Sonic the Hedgehog 4: Episode 1
Sonic’s decline over the past ten years is often attributed to an unhealthy preoccupation with secondary characters and lack of focus on speed. The solution, as with most declining franchises, is often assumed to be a return to Sonic’s Mega Drive roots. It’s a fair assertion, and one that is accurate for the most part. But Sonic Team’s slow strangulation of their mascot isn’t so much to do with concept as execution. Without nailing the fundamentals of a good game – never mind a good Sonic game – a return to the franchise’s roots would be pointless. Nonetheless, Sonic 4 is a vehemently self-conscious effort to prove that Sonic is still relevant in modern times by, ironically, turning the clock back sixteen years. But, for a developer who has consistently failed its own mascot, the execution, as always, is key.
Opening with an homage to the familiar Green Hill Zone, Sonic 4’s intentions are all too obvious. The game’s visuals are colourful but not quite retro; the music almost manipulative in its 16-bit-esque allure; the physics familiar yet fundamentally alien. It’s clear that this is a compromise between new and old; the mutated result of rabid fans’ demands and SEGA’s obstinate refusal to abandon many of their recent changes to the Sonic franchise. This isn’t a pure return to roots, it’s modern Sonic on vacation in 1994.
The first thing that makes this abundantly clear is the way Sonic handles. His acceleration is sluggish, the way he reacts to jumping and rolling and his feeling of momentum have all been noticeably tweaked. Part of this is due to the addition of the homing attack. First introduced in Sonic Adventure, this ability served as an easy way of defeating enemies in a 3D environment. On paper it’s one of the most questionable additions to Sonic 4; but in practice it’s probably the most welcome.
At first it all seems wrong, and for the first act or two it doesn’t feel anything like the Sonic we’re all familiar with. But part of the appeal of 2D Sonic games has always been the unbroken flow that comes from speeding through familiar stages. The homing attack adds to this; allowing not only an effective way of cutting through rows of enemies without slowing down, but also adding a boost to your speed, acceleration and jumping range. Once the initial stage of adjustment passes you realise that the changes made to the physics aren’t particularly bad, they’re just noticeably different.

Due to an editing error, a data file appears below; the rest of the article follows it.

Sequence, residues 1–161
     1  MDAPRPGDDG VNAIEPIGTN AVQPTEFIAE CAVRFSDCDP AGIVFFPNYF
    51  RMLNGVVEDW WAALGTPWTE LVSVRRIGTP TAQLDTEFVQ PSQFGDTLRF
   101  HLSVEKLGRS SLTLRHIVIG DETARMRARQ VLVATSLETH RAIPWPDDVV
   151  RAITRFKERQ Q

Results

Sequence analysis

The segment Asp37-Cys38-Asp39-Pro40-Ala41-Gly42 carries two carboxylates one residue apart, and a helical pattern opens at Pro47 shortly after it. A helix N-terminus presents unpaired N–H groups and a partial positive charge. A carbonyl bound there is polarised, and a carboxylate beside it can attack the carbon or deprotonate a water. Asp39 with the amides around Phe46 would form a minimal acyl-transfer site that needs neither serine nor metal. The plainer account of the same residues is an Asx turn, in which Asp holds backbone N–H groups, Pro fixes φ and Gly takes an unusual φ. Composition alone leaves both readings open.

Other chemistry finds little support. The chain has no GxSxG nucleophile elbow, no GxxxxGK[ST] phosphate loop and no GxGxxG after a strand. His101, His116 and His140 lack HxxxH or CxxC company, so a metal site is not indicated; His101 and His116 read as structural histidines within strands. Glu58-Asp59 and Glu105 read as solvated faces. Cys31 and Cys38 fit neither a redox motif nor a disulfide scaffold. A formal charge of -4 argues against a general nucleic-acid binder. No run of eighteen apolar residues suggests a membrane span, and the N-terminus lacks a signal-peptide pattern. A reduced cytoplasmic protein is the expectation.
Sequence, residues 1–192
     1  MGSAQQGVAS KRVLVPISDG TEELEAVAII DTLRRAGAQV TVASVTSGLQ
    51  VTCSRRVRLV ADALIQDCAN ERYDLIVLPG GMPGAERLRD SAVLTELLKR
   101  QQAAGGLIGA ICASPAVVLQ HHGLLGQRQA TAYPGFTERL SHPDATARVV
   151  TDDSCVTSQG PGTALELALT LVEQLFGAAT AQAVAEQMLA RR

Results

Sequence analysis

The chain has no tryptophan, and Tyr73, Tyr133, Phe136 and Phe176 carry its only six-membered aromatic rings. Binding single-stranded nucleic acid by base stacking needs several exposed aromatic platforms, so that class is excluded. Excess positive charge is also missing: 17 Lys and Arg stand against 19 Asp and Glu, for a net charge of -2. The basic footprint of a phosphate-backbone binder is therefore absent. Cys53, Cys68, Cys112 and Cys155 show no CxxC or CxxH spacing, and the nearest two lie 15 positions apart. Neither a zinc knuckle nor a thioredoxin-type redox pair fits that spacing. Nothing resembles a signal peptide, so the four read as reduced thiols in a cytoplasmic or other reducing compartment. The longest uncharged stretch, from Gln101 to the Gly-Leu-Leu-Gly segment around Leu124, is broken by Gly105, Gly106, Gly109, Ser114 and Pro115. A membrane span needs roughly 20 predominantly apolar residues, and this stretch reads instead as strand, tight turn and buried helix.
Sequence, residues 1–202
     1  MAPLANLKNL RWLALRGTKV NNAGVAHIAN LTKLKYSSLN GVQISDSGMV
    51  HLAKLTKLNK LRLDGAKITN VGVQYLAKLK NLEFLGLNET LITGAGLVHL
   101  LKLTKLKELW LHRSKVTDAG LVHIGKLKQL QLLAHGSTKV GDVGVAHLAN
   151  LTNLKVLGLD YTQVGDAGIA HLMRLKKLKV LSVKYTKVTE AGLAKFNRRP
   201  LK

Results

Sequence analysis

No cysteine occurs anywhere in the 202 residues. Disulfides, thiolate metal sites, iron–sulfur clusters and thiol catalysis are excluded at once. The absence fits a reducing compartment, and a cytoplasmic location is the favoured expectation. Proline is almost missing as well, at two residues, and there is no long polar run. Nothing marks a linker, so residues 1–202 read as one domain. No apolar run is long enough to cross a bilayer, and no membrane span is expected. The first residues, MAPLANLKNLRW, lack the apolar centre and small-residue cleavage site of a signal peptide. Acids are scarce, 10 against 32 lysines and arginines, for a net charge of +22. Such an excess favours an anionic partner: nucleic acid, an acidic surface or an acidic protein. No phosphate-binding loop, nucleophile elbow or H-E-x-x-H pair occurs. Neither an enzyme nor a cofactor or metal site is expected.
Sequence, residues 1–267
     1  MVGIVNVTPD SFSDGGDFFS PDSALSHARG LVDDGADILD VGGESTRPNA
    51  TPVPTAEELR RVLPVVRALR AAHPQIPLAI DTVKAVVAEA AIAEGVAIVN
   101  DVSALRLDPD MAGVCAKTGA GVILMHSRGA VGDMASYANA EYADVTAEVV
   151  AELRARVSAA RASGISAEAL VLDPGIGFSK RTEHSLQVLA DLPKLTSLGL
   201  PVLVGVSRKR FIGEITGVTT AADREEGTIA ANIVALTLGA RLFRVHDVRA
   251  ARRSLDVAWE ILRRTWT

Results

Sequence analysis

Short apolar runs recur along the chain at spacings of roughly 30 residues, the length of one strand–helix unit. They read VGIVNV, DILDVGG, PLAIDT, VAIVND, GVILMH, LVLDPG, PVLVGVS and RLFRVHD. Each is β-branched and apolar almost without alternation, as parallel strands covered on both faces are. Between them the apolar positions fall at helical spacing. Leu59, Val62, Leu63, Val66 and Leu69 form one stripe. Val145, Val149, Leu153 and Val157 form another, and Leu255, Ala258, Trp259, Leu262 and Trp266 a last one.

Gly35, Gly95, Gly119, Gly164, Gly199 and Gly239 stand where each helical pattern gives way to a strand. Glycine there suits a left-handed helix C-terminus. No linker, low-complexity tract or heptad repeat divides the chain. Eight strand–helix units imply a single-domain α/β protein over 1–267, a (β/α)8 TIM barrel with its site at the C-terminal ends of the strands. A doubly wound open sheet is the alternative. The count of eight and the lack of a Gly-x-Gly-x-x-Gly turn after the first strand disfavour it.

While the physics may be unfamiliar, the most important aspect of retro Sonic remains; the clever level design. One defining aspect that was lost in Sonic’s move to 3D was the huge, sprawling multi-routed levels. Sonic 4 manages to recapture this, with most stages featuring a large number of branching routes to take and areas to explore. Some stages also adopt classic gimmicks, such as giant cogs that must be moved by running on them and twisting pipes for Sonic to zip through. The most unfamiliar additions, however, such as a darkened stage in which Sonic must carry a flaming torch around and solve convoluted puzzles, are undeniably the low point of the game.
Much of the game’s appeal and longevity comes from the promise of finding the fastest routes through many of the sprawling stages, something that’s made all the more enjoyable by the leaderboards. It’s a good job, too, because Sonic 4 isn’t exactly brimming with content. Comprised of four zones consisting of three acts and a boss stage each, it just about breaks even with Sonic’s shortest Mega Drive outings. The usual promise of collecting seven Chaos Emeralds and unlocking Super Sonic of course extends the game considerably, but the frustrating special stages that need to be tackled in order to do this vary wildly in quality. As it is, the game certainly doesn’t feel like a rip off; but it doesn’t exactly feel feature-packed either.
Much of the problem stems from Sonic 4’s obsession with reusing content from past titles. The game’s four zones are all loosely based on familiar stages from previous titles, but it’s in the boss acts that things really begin to grate. Not only has every boss been snatched almost directly from the first two Sonic games, but they are even recycled within Sonic 4 itself. Sonic Team are obviously playing the nostalgia card, but this doesn’t seem to be what anyone was asking for. SEGA love nothing more than to re-release their old titles in various compilations and formats, so it seems inappropriate for them to rely on nostalgia in regard to games we have played (and indeed replayed) so recently.
On the one hand Sonic 4 constitutes an effort to drag the Sonic brand back into respectability through familiarity alone. Yet the game’s flaws are not without a touch of irony; by taking many of their fans’ demands too literally SEGA have created a good game damaged by its unhealthy preoccupation with their mascot’s golden days. Sonic 4 isn’t the messiah fans have been waiting so long for, but if we’re being honest they can hardly be picky. It’s a solid game regardless of its franchise, and for Sonic that’s as much of a breakthrough as anyone could hope for.